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Archive for Volleyball Games

Drill: 3 v 3 All-Touch Transition & Attack

Synopsis: This is a good game-play exercise that gets every player lots of touches and works especially on transition hitting.

Age/Skill Level: This is a drill for intermediate and higher levels.

Requirements: 6+ players, a ball, a net, extra antennae

Execution: Attach the spare antennae to the net to create a channel for attacking in Zones 2 and 4 (similar to what’s discussed here). Place three players to a side, with one at the next in Zone 2 (opponent’s Zone 4), one as the OH, and one as back court defender. One side starts the attack with a set to 4. The opposing player at the net blocks line, so the two others defend the angle. If the back court player digs the ball, the blocker sets the OH in Zone 4. If the OH digs the ball, the back court player sets the blocker in Zone 2, in which case the OH hitter on the other side blocks and the other two play defense. In this case the pattern is same in that if the front court player digs the ball, the back court defender sets the blocker, otherwise the blocker sets the OH. In other words, every player touches the ball each play. Continue until the ball goes dead, then the players rotate.

BertrandDrill

Variations:

  • This can be done cooperatively to encourage longer rallies.
  • The antennae can be adjusted to alter what the hitters have available to swing at around the block.

Additional Comments:

  • This drill is from England Junior National team coach Bertrand Olie and was posted as part of an interview with him on the Volleyball England website.
  • As a cooperative drill this could be used as a warm-up.

Opportunities in training on a lowered net

I mentioned before how you can use the game of Newcomb to work with inexperienced players. You can use it to teach court movement, positioning, and things like that in a volleyball-like, but slower speed situation. At the HP Coaches Clinic they did something similar, but for a more advanced purpose.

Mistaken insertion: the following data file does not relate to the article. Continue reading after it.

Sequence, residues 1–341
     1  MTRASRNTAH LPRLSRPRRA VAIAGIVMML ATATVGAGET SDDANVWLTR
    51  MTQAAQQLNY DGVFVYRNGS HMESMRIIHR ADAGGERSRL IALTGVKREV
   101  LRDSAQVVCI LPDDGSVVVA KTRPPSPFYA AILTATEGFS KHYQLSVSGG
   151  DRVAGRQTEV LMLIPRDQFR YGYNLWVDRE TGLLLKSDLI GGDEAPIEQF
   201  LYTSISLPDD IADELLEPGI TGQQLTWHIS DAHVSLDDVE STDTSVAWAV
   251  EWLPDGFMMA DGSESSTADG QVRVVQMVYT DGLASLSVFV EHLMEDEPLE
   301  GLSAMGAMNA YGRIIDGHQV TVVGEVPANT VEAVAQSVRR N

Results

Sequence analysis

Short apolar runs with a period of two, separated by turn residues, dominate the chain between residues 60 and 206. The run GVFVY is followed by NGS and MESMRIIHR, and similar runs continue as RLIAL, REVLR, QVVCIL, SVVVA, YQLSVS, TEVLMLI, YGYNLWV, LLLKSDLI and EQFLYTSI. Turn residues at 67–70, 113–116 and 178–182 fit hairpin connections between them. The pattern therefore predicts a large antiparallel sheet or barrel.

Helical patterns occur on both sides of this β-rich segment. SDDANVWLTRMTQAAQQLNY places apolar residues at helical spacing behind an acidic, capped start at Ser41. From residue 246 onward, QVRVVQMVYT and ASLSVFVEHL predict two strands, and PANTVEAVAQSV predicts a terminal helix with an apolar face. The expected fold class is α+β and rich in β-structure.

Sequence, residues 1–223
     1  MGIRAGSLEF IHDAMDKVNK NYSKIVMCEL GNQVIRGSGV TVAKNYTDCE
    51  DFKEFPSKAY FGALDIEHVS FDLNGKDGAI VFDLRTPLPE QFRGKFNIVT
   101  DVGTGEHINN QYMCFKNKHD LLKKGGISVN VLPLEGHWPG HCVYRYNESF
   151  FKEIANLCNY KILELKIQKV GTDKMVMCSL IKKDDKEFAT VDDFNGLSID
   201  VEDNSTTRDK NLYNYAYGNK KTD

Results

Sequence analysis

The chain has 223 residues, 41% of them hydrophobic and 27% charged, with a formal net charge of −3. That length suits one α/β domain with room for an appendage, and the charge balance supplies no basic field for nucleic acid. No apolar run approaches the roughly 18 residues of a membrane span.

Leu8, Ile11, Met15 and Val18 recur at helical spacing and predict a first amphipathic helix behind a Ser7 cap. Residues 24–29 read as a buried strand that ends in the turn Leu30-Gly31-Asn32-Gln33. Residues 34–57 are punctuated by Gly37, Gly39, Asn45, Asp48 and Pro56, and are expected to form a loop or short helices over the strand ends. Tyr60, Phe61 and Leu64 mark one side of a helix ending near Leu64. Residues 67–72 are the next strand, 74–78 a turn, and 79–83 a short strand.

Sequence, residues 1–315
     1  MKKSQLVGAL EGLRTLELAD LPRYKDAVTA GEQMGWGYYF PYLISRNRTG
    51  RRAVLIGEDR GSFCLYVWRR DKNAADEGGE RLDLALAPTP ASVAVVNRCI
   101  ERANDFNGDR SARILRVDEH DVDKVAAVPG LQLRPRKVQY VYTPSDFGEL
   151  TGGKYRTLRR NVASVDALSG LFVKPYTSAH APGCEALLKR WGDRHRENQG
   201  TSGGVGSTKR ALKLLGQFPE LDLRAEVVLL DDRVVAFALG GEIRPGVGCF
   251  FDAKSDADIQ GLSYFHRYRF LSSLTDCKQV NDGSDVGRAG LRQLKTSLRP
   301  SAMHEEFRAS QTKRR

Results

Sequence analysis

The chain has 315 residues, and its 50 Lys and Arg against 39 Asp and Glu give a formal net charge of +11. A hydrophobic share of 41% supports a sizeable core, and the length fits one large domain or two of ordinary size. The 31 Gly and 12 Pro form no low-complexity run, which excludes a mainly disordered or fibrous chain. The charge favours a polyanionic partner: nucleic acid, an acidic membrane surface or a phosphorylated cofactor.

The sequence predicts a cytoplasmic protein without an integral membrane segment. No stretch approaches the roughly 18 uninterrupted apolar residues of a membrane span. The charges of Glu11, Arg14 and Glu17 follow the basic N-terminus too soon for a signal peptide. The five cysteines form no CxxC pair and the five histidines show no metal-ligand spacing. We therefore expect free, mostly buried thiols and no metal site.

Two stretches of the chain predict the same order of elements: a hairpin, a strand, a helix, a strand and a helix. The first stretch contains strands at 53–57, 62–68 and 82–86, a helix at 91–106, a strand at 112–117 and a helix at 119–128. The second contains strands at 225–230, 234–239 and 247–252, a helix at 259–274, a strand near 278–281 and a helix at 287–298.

The coaches lowered the net down to just about head height for the average player. The demo athletes then played a co-operative 6 v 6 game with no jumping. The third contact was set over. Basically, it was all the movements you normally see in volleyball. The players just did not jump.

In this particular case the focus was blocker movement. The coaches watched the middle blockers for proper focus on their reads and their footwork. It was a way to give those middles lots of reps without burn out.

Thinking more broadly, this is an exercise that can serve a number of purposes. It could very easily be a warm-up. It includes lots of volleyball motion, just done at a lower intensity level. You can tick up the intensity if you make the 3rd contact be a down-ball.

Of course, you can also get rid of the cooperative aspect and make it a competitive game. That speeds things up, demands more movement, and introduces more problem-solving elements. It makes reading more game-like, and gives you increased opportunities to focus players on specific aspects of their play while still is a lower intensity situation.

Working on attacking the block in games and drills

During one of the on-court sessions at the HP Coaches Clinic, someone presented an idea about hitters attacking the block. They put an antenna on the net about a meter in from the left side pin. Basically, it defined the zone in which the OH normally attacks. The hitter then had to hit the ball between the antennae. That obviously makes it harder to hit around the block. This forced the hitter to work the edges of the block. Or they could attack seam, if that option was available. The blockers took line or cross to work on things more narrowly.

This sort of thing can be used in the Pin Hitter Challenge game they demonstrated at the clinic, if you have two sets of antennae. It also works in the Hitter Tourney drill, the Hitter vs. Hitter Challenge or High Ball to Receive games. Basically, use it in any game or drill with hitters against blockers with lots of sets to the attackers in focus.

Of course training the attackers in this fashion also benefits blockers as well. They can work on good hand position and angles to avoid hitters tooling them.